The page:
The American Bulldog breed wasn’t recognized for a long time. So, several Kennel Clubs have now adapted the standards and characteristics of this breed. Also called the Bully American Bulldog, they look for a muscular frame. Also known for their short hair; curly hair can be a fault.
Males are often more muscular in appearance than females, and this can be seen across many of the Bully Breeds. The head and chin should be muscled and very pronounced.
Often in both Kennel Clubs, people crop the ears of Bullies and this is acceptable in all characteristics. Natural ears, while floppy, are also acceptable. Honestly, I prefer the floppy ears and hate the thought of cropping them. Though my husband wants our Pocket Bullies pup we keep to have cropped ears.
In both Kennel Clubs, the Bully American Bulldog is a very muscular dog with a very heavy build. Both have stated that even in the more muscled dogs, this can not be a fault.
Differences Between the American Bulldog and American Bully.
The American Bulldog and American Bully are so closely related when you look at pictures. The American Bully however, is shorter is stature and slightly more muscular in build. The ABKC also recognizes the American Bully in different sizes. The Standard, the Pocket, the XL and the Classic. Each one different heights to their withers.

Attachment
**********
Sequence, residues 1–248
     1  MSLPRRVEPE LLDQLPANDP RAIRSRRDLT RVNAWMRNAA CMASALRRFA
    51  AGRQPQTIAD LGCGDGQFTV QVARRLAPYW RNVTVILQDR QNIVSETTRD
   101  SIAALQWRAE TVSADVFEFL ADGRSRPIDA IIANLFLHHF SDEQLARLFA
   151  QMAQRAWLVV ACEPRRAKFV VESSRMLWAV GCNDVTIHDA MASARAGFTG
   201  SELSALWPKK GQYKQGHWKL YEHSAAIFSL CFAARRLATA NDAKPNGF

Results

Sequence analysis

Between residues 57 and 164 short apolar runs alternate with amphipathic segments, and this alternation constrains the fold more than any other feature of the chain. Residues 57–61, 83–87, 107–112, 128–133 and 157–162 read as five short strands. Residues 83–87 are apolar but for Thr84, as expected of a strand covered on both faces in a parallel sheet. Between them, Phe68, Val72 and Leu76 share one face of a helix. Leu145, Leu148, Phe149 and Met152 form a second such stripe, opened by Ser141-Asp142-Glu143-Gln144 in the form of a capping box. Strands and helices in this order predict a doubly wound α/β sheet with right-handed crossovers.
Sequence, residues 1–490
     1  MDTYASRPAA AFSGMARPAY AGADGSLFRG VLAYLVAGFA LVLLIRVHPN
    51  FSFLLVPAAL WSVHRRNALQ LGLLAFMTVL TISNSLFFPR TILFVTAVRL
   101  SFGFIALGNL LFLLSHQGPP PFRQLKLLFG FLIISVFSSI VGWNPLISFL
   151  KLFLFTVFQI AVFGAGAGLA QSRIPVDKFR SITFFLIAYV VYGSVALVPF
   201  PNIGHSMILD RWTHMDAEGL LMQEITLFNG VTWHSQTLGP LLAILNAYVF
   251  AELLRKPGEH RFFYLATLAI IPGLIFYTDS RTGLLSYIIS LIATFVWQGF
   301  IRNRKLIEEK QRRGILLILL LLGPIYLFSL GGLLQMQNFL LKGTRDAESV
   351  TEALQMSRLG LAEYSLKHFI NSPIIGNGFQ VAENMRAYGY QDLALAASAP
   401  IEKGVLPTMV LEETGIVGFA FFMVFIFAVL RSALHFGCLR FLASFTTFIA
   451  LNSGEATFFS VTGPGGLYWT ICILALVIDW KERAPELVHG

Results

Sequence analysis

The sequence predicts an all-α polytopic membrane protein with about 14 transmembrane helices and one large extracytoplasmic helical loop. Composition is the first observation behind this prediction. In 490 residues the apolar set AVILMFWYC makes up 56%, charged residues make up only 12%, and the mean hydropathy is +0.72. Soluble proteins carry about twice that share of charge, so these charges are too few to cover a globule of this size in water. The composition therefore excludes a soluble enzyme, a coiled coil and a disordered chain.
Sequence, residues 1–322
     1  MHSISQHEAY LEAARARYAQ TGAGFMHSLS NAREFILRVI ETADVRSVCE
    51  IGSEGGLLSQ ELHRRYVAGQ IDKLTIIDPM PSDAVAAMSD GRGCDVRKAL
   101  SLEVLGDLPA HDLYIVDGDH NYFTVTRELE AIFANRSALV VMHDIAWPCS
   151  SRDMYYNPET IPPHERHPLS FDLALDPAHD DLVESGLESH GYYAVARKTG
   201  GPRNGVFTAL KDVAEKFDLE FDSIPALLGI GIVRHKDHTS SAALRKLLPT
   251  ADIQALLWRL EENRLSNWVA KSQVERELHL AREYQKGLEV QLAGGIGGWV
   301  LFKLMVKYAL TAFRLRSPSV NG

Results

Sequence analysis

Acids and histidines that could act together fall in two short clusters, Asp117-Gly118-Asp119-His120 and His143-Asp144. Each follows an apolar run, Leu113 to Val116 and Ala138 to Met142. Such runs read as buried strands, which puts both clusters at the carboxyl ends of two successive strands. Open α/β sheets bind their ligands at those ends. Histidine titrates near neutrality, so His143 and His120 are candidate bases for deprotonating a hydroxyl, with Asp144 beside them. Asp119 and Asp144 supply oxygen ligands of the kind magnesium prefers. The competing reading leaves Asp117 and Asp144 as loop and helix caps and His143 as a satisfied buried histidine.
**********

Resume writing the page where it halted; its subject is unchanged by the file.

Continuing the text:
Each breed of dog, according to both sites name similar qualities between the two. Because of this, I’m wondering why they classify each one as a separate breed? In looking at pictures, even from all angles, they are so closely resembling each other. However, I will note that the American Bully seems wider in facial structure and slightly bulkier overall.
It does seem as though the American Bully has more bodily characteristics that are looked for versus the American Bulldog. The faults, as outlined on ABKC, for the American Bully far outweigh the faults of the Bully American Bulldog. Why?
Why some Breeds have more Faults.
Some breeds have more faults according to the Kennel Clubs than others, why? Because of the adverse history of the American Bully, there are more reasons to disqualify this breed from shows. Meaning, some breeders will breed them to excess and not holding to the standards that were sought after when the breed was initially recognized.